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As advances in technology make it more cost-effective to deploy the industrial internet of things (IIoT), companies must formulate a strategic approach for integrating new sensor data with pre-existing data environments. The IIoT can unite people and systems on the plant floor with those at the enterprise level. It can also enable users to get the most value from their automated systems while reducing technological and economic limitations.
To ensure successful deployment of the IIoT, organizations can benefit by embracing new design infrastructures, including a framework that supports collaborative work processes across functional lines, as well as between internal and external resources.
Processes, digital devices and business systems can all support implementation of the industrial internet of things. From laying the foundations to help guide future technology investments to easing integration of current systems with new controls, automation and data-processing benefits, there are several ways to help smooth the transition and get the desired results. When evaluating new systems for IIoT implementation, consider the following factors:
Look at assets, processes, data collection, analytics and real-time visibility to assess the ability to predict and detect issues and opportunities. For example, what types of sensors, cameras and other instrumentation are available to make use of available data-tracking potentialities?
Use machine learning, big data and automation technologies to create a system that can accurately and consistently capture, analyze and transmit data with visualized dashboards for operations management.
Employing open integration and communications technologies can help connect data from varied sources on the way to extract meaningful value for decision-making. This can include software that brings high-fidelity data from disparate operational sources to people in all corners of the enterprise – wherever, whenever and however it is needed.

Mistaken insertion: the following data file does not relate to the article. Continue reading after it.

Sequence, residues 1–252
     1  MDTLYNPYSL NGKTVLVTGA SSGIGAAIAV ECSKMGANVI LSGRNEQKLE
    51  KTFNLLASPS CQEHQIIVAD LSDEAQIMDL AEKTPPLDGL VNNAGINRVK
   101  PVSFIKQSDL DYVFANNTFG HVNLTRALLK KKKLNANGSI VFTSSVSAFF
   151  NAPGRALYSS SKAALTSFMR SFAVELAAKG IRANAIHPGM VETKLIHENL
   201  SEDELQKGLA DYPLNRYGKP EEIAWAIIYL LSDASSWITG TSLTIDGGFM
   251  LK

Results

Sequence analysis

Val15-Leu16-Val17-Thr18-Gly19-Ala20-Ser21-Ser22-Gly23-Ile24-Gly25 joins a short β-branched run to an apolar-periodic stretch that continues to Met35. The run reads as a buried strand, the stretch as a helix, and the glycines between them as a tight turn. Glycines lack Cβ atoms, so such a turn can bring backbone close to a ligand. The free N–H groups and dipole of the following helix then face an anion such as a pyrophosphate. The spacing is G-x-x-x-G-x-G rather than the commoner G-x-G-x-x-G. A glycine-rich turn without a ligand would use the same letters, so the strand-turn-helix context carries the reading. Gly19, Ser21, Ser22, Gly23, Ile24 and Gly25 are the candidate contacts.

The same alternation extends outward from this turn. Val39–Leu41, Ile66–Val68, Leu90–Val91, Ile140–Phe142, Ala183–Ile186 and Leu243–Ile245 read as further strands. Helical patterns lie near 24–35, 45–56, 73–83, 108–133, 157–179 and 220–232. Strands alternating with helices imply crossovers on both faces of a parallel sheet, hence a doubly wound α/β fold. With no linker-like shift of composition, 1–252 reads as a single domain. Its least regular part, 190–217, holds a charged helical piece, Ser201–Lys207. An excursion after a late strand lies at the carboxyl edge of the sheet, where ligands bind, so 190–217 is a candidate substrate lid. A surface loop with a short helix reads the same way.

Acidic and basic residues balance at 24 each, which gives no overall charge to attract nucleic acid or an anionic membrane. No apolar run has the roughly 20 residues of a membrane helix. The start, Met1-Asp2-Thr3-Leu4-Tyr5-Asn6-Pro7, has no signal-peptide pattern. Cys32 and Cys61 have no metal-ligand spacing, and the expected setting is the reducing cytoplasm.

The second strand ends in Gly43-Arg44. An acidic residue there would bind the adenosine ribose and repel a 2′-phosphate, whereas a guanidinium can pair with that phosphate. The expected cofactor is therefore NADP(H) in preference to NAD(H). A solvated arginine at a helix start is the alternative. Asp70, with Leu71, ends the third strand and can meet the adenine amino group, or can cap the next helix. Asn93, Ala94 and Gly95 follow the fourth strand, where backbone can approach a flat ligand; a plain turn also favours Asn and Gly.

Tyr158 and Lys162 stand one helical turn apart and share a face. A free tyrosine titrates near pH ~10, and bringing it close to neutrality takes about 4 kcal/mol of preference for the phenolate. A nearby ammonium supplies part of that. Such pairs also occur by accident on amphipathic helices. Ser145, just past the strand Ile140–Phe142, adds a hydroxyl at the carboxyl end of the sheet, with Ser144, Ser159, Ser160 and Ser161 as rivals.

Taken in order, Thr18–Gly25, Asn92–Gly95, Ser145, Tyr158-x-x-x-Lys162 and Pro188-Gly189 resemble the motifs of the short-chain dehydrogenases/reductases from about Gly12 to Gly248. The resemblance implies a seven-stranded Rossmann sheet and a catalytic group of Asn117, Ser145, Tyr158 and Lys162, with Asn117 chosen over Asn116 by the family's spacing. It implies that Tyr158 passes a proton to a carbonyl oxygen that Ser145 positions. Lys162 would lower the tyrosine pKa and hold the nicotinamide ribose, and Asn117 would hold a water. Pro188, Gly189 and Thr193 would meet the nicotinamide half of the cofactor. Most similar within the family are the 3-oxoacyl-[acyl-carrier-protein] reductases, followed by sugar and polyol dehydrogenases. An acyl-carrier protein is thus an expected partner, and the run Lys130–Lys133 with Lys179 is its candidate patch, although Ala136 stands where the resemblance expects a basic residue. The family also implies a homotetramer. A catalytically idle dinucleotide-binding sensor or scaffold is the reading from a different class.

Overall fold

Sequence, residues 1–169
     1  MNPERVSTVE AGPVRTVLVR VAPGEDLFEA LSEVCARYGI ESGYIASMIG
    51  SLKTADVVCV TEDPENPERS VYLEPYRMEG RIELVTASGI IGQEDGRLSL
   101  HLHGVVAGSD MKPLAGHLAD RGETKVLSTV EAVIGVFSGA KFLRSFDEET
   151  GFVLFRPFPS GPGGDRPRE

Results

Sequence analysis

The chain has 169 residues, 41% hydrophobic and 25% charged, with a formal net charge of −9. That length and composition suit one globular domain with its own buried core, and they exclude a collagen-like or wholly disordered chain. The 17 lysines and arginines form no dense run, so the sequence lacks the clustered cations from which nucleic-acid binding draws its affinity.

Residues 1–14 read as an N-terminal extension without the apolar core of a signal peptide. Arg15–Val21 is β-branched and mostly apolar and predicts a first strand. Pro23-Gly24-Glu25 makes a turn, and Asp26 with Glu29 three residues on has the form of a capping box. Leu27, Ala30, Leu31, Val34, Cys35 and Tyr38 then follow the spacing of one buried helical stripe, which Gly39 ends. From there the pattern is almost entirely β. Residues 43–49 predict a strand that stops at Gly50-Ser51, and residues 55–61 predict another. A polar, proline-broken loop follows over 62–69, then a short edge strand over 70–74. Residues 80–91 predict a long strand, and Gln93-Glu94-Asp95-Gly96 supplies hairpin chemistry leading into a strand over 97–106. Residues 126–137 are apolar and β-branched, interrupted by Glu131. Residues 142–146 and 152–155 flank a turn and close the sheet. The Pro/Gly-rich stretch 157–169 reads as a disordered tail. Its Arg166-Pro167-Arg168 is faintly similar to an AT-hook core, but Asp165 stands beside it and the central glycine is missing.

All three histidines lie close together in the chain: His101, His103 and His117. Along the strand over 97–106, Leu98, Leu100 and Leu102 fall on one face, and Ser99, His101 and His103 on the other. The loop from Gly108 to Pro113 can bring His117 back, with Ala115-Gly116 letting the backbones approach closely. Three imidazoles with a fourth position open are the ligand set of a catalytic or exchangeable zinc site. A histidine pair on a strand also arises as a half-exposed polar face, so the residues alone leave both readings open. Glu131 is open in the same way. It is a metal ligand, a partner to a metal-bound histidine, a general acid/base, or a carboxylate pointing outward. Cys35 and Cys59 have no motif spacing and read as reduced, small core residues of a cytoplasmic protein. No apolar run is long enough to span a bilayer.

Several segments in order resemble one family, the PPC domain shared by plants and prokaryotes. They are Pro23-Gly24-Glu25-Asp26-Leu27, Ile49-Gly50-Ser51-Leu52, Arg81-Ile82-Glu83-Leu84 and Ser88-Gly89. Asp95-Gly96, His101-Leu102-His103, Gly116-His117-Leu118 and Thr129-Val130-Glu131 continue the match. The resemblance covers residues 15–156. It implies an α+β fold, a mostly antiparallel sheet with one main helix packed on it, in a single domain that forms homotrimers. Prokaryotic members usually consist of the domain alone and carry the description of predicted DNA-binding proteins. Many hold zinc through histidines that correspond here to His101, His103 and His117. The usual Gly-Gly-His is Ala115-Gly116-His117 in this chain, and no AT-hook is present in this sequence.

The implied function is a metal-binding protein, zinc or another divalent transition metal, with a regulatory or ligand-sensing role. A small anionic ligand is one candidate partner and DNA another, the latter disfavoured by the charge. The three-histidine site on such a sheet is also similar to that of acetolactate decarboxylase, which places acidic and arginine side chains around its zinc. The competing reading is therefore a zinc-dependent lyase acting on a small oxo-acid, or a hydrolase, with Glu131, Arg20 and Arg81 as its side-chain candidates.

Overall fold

Look to centralizing data in the cloud with new applications that connect multiple disparate systems, applying higher level analytics and leveraging expertise with the benefits of being physically remote from the operating site.
Consider employing cloud-based applications that add value, such as advanced process control (APC) monitoring, condition-based monitoring (CBM), enterprise data historians, mobility solutions, and planning and scheduling tools. This new instrumentation can help facilitate real-time decision making and allow long-term data tracking for precise adjustments
With these new controls and automation tools, look to define how functional groups can work together and how to enable smart collaboration across the organization using IIoT advantages. This may include sharing data in operations, maintenance, system reliability, supply chain management and other potential synergies.